In 2023, Lal was ranked #1 globally and in the U.S. among Agricultural Scientists (Plant Science and Agronomists) of the world by Research.com (2023, #2 in 2022). [16] Lal was ranked #1 in Agronomy and Agriculture, Environmental Sciences, and at The Ohio State University; #34 Globally for the year 2020 and #73 Globally for career from 1973-2020 among the top 2% of scientists (out of total 8 million scientists) in peer reviewed research article "A standardized citation metrics author database annotated for scientific field" by Dr. John P. A. Ioannidis of Stanford University (2019,[17] 2020,[18] 2021[19]). He has been consistently ranked as "Highly Cited Researcher" by Clarivate Analytics, Web of Science (2017, 2018, 2019, 2020, 2021, 2022, 2023).[20] In 2014-2016, Lal was included in the Thomson Reuter's list of most influential scientists in the world.[5][21] His work has influenced Roger Revelle and Peter Smith.

On June 11, 2020, Professor Lal was named the recipient of the prestigious World Food Prize. His research diverged from the conventional 1970s soil fertility strategy of heavy reliance on commercial fertilizers. His research led a better understanding of how no-till farming, cover crops, crop residues, mulching, and agroforestry can restore degraded soils, increasing organic matter by sequestering atmospheric carbon in the soil, and help combat rising carbon dioxide levels in the air.[22] He was lauded by the World Food Prize president Barbara Stinson for “improving the food security and livelihoods of more than 2 billion people and saving hundreds of millions of hectares of natural tropical ecosystems.”[3] Lal was awarded the 2019 Japan Prize "for the sustainable soil management for global food security and mitigation of climate change."[7]

His awards include the following:

References[edit]

  1. ^ "Professor Rattan Lal honoured with Glinka World Soil Prize 2018". Food and Agriculture Organization of the United Nations. Retrieved 12 December 2019.
  2. ^ a b The White House (2022-01-14). "President Biden Announces Key Appointments to Boards and Commissions". The White House. Retrieved 2023-12-03.
  3. ^ a b c d e f g h Edwards, Randy. "Ohio State Professor Rattan Lal Aims to Eliminate Hunger While Helping the Environment". Columbus Monthly. Retrieved 2023-12-01.
  4. ^ "Prof. Rattan Lal". National Academy of Agricultural Sciences (India). Retrieved 12 December 2019.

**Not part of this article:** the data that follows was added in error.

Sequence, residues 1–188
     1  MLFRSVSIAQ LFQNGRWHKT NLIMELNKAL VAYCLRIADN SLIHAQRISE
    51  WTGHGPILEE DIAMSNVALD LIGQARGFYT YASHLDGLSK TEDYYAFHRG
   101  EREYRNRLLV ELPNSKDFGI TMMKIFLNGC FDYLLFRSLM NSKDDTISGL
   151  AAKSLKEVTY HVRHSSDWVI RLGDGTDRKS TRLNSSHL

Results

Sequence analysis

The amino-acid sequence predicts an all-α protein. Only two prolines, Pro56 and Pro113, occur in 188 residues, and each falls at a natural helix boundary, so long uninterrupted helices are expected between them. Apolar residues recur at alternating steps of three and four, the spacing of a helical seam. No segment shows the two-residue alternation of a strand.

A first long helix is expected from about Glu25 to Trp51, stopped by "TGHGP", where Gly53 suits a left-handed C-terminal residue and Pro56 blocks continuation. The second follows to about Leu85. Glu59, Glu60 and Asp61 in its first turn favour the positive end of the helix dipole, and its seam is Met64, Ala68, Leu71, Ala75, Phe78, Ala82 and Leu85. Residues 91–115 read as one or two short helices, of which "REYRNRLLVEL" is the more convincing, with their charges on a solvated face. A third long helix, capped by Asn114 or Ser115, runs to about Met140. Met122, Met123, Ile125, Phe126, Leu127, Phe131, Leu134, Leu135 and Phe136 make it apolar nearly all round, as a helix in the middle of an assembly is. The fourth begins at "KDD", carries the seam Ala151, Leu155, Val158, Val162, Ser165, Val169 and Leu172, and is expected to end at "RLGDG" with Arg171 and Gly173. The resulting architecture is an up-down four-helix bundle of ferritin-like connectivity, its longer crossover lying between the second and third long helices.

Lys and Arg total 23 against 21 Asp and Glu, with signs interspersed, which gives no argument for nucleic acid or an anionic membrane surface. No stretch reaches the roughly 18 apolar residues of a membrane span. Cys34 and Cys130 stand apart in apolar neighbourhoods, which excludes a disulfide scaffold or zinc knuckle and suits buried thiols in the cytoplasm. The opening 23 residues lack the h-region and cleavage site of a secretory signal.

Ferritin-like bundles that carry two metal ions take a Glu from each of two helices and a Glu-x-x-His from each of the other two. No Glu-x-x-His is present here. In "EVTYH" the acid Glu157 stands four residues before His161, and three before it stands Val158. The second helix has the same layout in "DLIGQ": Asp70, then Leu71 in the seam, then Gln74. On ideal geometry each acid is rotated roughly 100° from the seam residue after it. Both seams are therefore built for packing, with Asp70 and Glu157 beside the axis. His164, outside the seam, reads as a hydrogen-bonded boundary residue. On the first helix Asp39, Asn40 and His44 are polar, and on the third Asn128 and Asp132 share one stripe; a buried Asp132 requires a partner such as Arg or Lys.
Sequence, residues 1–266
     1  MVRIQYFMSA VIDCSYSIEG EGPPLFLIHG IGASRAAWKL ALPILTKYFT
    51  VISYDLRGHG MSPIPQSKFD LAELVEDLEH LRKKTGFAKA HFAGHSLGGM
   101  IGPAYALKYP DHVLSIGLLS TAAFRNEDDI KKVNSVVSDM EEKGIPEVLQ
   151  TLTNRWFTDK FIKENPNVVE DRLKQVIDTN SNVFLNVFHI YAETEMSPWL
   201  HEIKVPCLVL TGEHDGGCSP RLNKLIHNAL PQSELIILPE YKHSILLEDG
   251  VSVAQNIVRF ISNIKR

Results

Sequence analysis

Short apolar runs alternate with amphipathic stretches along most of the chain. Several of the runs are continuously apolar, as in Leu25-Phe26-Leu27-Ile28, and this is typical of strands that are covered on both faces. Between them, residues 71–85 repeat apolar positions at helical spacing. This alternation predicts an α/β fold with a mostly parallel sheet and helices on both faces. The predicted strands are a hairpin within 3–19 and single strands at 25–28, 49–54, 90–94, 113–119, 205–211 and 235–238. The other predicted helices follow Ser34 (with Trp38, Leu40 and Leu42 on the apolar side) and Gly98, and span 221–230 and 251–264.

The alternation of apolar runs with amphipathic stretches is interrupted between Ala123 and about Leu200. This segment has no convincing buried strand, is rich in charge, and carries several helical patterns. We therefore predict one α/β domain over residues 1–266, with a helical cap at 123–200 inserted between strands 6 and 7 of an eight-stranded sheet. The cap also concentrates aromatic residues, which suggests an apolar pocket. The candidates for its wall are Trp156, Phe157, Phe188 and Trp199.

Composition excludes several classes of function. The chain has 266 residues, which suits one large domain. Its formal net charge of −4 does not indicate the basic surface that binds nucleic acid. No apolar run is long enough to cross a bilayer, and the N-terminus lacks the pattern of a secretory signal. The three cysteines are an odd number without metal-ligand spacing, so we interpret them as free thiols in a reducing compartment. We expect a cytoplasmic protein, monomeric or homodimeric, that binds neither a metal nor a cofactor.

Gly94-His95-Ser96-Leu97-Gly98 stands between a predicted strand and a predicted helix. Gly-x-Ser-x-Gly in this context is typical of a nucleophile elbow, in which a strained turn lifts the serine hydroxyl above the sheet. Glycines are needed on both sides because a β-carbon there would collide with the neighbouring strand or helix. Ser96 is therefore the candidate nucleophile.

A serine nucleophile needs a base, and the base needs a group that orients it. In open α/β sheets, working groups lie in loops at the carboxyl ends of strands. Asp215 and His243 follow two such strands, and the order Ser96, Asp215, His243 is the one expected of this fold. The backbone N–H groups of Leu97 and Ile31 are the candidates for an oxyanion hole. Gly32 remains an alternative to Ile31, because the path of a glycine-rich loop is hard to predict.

5. ^ a b "Rattan Lal: Our Soils Rock Star". cfaes.osu.edu. Retrieved 2023-12-03.
  6. ^ a b "Rattan Lal". Ohio State University.
  7. ^ a b c d Charles, Dan (August 11, 2020). "A Prophet Of Soil Gets His Moment Of Fame". NPR Goats and Soda. Retrieved October 5, 2020.
  8. ^ "Lal Carbon Center". Lal Carbon Center. 2024-02-06. Retrieved 2024-02-06.
  9. ^ a b "Carbon markets: Potential income for farmers". Ohio Farm Bureau. 2020-11-12. Retrieved 2023-12-03.
  10. ^ Whaley, Sherrie (August 22, 2022). "Ohio State leading new $15 million project to study carbon farming as climate change solution". The Ohio State University.
  11. ^ "The Ohio State University Study Examines Soil Organic Carbon-Enhancing Practices". Foundation for Food & Agriculture Research (FFAR). 2024-02-06. Retrieved 2024-02-06.
  12. ^ a b "Google Scholar: Rattan Lal". Google Scholar. 2024-02-06. Retrieved 2024-02-06.
  13. ^ "IUSS - The International Union of Soil Sciences Past officers". IUSS - The International Union of Soil Sciences. Retrieved 2019-12-17.
  14. ^ SKNISEditor (November 25, 2021). "Brazil launches the Living Soils of the Americas program, the restoration initiative promoted by IICA and renowned scientist Rattan Lal". St. Kitts Novis Information Service.
  15. ^ NEWS (January 24, 2022). "Rattan Lal Appointed to BIFAD by President Biden". Ohio State University.
  16. ^ "Rattan Lal: H-Index & Awards". Retrieved 2024-02-06.
  17. ^ "A standardized citation metrics author database annotated for scientific field". PLOS BIOLOGY. Retrieved 2024-02-06.
  18. ^ "Data for "Updated science-wide author databases of standardized citation indicators"". Elsevier Data Repository. Retrieved 2024-02-06.
  19. ^ "August 2021 data-update for "Updated science-wide author databases of standardized citation indicators"". Retrieved 2024-02-06.
  20. ^ "Highly Cited Researchers". Clarivate.com. Retrieved 2024-02-06.
  21. ^ "THE WORLD'S MOST INFLUENTIAL SCIENTIFIC MINDS 2015" (PDF). Archived from the original (PDF) on 2023-06-01. Retrieved 2024-01-11.
  22. ^ Pitt, David (11 June 2020). "Ohio State University soil professor gets World Food Prize". Tulsa World. Archived from the original on 13 June 2020. Retrieved 13 June 2020.
  23. ^ Bhavani, Divya Kala (2021-02-09). "Meet Prof Rattan Lal, the godfather of Soil Science, and a Padma Shri 2021 awardee". The Hindu.
  24. ^ DeMartini, Alayna (October 5, 2020). "Ohio State soil scientist honored for increasing global food production". Ohio State University.
  25. ^ "Glinka 2018". FAO, United Nations. Retrieved 17 December 2019.
  26. ^ "IUSS - The International Union of Soil Sciences - Von Liebig award 2006". IUSS - The International Union of Soil Sciences. Retrieved December 17, 2019.